Utah's Series 2019 General Obligation Bonds Rated 'AAA' With A Stable Outlook; Other Ratings Affirmed

NEW YORK (S&P Global Ratings) Jan. 9, 2019--S&P Global Ratings assigned its 
'AAA' long-term rating and stable outlook to the State of Utah's $129 million 
general obligation (GO) bonds, series 2019. 

We also affirmed our 'AAA' rating on Utah's $2.4 billion GO bonds outstanding. 
In addition, we affirmed our 'AA+' long-term and underlying ratings on the 
state's $315.1 million bonds outstanding secured by annual state lease 
appropriations and affirmed our 'AA' rating on Utah's moral obligation 
programs, which give credit support to certain debt issued by state 
universities and charter schools. Finally, we have affirmed our 'AAA' program 
rating on certain local school debt guaranteed by the state. The outlook on 
all ratings is stable. 

Our ratings on Utah's GO bonds reflect our view of the state's:
  • Strong governmental framework, with a constitutional requirement to maintain a balanced budget and a fiscal policy that allows for changes to the revenue structure and program spending by a simple majority of the legislature;
  • Diverse economy, showing strong population and employment growth and below-average unemployment, that offers employers a young, well-educated work force;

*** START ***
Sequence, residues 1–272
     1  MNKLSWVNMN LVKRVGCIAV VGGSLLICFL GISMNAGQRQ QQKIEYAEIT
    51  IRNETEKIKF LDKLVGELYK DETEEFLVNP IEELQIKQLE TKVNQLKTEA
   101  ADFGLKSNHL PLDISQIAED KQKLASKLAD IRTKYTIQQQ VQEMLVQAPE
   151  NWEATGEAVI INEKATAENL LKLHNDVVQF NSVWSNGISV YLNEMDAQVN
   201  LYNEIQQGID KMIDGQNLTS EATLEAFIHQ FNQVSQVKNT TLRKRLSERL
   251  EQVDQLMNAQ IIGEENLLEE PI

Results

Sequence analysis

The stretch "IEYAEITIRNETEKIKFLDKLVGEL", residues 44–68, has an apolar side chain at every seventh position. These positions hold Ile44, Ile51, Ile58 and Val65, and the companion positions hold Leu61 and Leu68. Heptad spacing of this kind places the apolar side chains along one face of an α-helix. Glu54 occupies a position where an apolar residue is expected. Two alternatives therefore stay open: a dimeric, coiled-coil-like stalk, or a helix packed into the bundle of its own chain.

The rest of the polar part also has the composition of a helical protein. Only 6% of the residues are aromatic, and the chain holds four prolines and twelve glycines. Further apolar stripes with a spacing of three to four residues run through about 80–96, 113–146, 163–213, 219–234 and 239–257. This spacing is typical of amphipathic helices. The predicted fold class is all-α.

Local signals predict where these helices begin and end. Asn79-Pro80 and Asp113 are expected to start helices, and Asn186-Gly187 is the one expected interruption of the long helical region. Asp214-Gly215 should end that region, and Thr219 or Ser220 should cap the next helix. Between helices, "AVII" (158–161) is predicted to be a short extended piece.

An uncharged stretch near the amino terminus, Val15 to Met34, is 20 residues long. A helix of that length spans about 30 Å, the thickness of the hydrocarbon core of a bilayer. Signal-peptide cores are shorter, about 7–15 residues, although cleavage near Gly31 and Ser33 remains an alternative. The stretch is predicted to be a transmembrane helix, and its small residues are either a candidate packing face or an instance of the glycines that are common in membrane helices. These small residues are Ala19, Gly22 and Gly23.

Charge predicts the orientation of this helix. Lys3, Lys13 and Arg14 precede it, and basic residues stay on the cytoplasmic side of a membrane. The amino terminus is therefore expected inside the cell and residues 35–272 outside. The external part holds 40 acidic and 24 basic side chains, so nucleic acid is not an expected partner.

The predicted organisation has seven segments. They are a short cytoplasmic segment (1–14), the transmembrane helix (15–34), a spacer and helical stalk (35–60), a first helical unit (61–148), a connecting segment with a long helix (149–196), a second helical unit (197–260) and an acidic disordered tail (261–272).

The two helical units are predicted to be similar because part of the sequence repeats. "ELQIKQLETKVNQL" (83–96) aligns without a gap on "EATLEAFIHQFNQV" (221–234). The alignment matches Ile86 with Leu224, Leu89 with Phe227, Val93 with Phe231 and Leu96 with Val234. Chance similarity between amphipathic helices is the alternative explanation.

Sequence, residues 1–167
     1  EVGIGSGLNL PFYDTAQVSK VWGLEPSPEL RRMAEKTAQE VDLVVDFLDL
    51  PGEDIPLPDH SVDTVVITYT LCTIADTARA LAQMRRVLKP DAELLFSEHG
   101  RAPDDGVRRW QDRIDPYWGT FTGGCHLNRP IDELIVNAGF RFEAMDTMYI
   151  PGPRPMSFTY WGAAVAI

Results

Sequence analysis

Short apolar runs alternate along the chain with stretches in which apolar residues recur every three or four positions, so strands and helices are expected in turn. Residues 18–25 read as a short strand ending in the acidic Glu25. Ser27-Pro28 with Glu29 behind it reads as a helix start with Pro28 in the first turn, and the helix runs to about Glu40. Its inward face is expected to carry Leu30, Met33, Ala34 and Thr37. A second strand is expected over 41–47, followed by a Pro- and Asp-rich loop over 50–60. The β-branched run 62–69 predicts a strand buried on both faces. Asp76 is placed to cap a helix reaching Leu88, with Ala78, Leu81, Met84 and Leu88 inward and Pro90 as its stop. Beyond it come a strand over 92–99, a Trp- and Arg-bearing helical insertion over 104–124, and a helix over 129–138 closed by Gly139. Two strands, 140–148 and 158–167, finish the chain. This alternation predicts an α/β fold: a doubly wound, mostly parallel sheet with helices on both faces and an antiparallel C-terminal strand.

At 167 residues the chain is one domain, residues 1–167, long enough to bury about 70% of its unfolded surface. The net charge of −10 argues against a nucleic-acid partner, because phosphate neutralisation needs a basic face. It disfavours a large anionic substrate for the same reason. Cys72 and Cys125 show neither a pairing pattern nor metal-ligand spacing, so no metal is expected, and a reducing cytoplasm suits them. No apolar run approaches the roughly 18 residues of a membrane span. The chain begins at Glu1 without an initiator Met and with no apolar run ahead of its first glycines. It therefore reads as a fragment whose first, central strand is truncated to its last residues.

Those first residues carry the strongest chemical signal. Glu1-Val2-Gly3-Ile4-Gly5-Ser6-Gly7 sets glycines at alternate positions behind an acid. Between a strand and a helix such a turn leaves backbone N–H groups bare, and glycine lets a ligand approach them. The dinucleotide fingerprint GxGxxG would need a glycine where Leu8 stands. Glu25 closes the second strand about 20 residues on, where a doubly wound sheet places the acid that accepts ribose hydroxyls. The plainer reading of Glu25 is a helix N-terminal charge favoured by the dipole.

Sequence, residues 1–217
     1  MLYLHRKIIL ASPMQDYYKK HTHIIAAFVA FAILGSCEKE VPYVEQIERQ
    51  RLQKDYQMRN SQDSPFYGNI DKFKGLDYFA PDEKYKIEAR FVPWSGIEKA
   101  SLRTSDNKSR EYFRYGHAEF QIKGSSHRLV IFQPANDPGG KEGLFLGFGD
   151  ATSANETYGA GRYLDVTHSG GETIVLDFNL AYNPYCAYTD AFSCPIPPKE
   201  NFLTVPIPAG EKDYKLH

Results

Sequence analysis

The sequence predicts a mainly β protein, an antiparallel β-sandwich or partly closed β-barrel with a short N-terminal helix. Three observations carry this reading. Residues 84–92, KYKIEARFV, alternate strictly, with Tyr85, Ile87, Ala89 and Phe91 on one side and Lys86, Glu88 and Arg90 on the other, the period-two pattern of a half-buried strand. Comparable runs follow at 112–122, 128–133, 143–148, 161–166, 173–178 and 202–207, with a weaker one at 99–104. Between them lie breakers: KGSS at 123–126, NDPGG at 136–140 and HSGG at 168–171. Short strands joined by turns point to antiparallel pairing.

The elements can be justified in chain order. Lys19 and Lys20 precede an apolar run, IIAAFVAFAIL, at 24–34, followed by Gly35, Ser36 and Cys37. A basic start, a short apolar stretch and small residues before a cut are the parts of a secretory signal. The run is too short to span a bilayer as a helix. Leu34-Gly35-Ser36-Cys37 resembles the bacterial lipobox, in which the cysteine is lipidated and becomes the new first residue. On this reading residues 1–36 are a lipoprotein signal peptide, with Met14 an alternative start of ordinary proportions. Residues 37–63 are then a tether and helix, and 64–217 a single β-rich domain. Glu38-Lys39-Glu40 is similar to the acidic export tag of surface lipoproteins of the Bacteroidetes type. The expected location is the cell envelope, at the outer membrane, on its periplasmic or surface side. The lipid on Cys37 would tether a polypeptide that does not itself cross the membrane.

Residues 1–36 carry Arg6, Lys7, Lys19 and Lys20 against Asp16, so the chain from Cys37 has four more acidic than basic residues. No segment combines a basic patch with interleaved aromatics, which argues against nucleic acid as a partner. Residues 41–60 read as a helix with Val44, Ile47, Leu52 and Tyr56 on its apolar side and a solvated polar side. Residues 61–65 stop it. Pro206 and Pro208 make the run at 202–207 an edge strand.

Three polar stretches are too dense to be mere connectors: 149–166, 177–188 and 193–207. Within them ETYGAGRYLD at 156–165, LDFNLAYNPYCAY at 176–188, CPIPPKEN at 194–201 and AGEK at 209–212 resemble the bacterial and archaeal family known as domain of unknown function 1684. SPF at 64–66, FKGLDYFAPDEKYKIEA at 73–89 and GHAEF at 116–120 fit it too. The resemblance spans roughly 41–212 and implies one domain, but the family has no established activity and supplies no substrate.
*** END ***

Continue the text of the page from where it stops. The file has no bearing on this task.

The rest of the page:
• Continued good financial management, including proactive budget adjustments to maintain adequate rainy-day reserves, which are currently at strong levels; and
  • Moderate debt burden and limited other postemployment benefit (OPEB) liabilities.
The GO bonds are secured by a pledge of Utah's full faith, credit, and 
resources and an unlimited ad valorem property tax that may be levied on all 
property subject to state taxation. The 2019 GO bonds are being issued to 
finance various transportation projects. 

"The stable outlook reflects our view that the state's economic strength, 
financial practices, and fund balance position should enable Utah to retain 
its strong credit profile over our two-year outlook horizon," said S&P Global 
Ratings credit analyst David Hitchcock. 

By following a practice of building reserves during periods of economic 
expansion, Utah boosts resilience for economic slowdowns. Furthermore, its 
approach to budgeting for structural fiscal balance and breaking out the use 
of one-time revenues for one-time expenditures stands out as prudent fiscal 
management, in our opinion. Adding to the stability of Utah's credit quality, 
in our view, is that the state's revenues are currently in a growth mode, 
allowing Utah to strategically invest in its transportation infrastructure and 
increase funding for its growing school age population. 

Factors that could cause negative rating pressure, in our opinion, would 
include the state falling out of long-term structural balance, or a 
significant rise in long-term liability levels, although we do not anticipate 
this occurring over the next two years.